Fresno High School's class of 1977 will hold its 30th reunion this Saturday Night in Fresno, California. Circumstances don't permit me to attend, but I thought about going, so I looked up info on the alumni web site, perused a few pictures, read names I hadn't thought of all these years trying to raise a family, start a career, move to Salt Lake, Santa Barbara, finally the Southeast.
I'm thinking of Jerry Haydostian right now because his name isn't listed among the dead with old friends Kurt Pempek and Craig Jue. He isn't the only one missing, but he was as much a member of our class as anyone else. He moved around the corner from my parents' stucco tract home on Lafayette when we were still in elementary school. I knew him a little from the neighborhood, stingray bikes in summer, his shock of blond hair, his intelligence already clear in the creative ways he approached things, the way he talked, the way he looked at things. We became better friends in Jr. High-- Cooper with its low roofs, caves for locker rooms, Algebra with Shegeby, wood shop with Peterson ('rrrrrRRRR-ight! cut the horseplay!), English with Ms. Wofford. He was one of the smart kids. At FHS we joined Senate together along with Jim Bane and Paul Luby and Danny Morgigno, and we took German and his hair grew longer, but he was still that smart, friendly kid. He always made you laugh with his wry sense of humor and easygoing personality.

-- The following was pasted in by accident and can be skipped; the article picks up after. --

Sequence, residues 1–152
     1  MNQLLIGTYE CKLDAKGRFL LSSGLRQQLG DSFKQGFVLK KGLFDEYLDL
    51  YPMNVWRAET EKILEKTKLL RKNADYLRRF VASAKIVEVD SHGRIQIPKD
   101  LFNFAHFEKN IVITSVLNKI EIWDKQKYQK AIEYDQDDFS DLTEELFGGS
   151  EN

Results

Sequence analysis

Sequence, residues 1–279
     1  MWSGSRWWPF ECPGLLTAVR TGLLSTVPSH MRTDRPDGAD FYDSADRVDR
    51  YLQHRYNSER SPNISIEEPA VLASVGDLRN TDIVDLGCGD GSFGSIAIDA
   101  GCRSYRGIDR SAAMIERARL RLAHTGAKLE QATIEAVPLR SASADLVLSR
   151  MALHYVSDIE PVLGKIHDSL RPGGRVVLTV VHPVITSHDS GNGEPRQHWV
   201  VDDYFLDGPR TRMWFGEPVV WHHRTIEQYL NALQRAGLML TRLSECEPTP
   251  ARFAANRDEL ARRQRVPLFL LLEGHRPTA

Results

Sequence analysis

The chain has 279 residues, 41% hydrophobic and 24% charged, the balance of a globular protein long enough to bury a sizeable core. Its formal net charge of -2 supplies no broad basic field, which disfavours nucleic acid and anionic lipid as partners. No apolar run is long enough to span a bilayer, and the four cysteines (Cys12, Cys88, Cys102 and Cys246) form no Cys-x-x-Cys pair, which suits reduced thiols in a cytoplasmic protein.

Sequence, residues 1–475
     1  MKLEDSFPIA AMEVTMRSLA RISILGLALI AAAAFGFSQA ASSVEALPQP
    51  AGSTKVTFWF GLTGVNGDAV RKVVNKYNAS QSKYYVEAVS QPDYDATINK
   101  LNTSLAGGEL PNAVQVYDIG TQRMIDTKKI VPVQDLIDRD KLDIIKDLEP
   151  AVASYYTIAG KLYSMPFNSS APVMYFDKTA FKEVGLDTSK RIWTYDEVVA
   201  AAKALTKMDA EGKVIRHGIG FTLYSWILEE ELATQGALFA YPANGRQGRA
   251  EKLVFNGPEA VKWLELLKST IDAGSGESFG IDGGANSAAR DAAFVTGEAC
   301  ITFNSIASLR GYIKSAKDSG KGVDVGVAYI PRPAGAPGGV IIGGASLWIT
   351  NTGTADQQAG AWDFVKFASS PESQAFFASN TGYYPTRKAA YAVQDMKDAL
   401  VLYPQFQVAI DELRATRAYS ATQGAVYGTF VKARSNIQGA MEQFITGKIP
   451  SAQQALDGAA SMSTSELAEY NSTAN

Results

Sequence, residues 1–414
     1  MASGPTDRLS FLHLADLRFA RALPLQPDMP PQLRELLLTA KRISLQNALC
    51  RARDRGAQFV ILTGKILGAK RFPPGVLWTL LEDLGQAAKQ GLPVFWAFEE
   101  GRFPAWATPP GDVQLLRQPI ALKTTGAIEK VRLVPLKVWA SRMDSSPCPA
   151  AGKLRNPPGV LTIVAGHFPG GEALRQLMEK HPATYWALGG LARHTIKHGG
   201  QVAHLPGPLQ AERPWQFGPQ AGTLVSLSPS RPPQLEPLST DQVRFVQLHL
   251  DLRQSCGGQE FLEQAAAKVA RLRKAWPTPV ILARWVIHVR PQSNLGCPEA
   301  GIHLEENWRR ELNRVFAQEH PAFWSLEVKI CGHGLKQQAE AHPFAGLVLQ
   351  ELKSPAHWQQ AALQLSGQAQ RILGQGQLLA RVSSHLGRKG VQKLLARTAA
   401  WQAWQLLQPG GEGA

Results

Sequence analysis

He also didn't let on too much about what was going on in his head, his confusions. He didn't quite fit in, not completely, not in Senate, he wasn't an athlete, and he didn't like to showboat. We all talked about girls, but I don't remember a particular girlfriend. We also once talked about a teacher we shared, a teacher who liked to have students over to his house, our German teacher, Mr. Roy, who told stories and made you feel intelligent if he was interested in you, and it was hard to imagine him as anything other than a fat old kraut, but he had illicit designs on the young men he invited to his house, and both Jerry and I were unfortunately objects of his predilection for young men. My own story is documented in a poem I published years ago, only remarkable for its sad banality. Jerry's story remains implied in the questions he asked me that day. He nodded a lot. He didn't say a lot. He didn't need to. Back then, confused as we would have been even in the healthiest of environments, the added confusion of Andre Roy's affections doesn't necessarily explain anything, but it added an unnecessary burden. Maybe more than most, though, Jerry was one of our classmates, and this is for you, Jerry.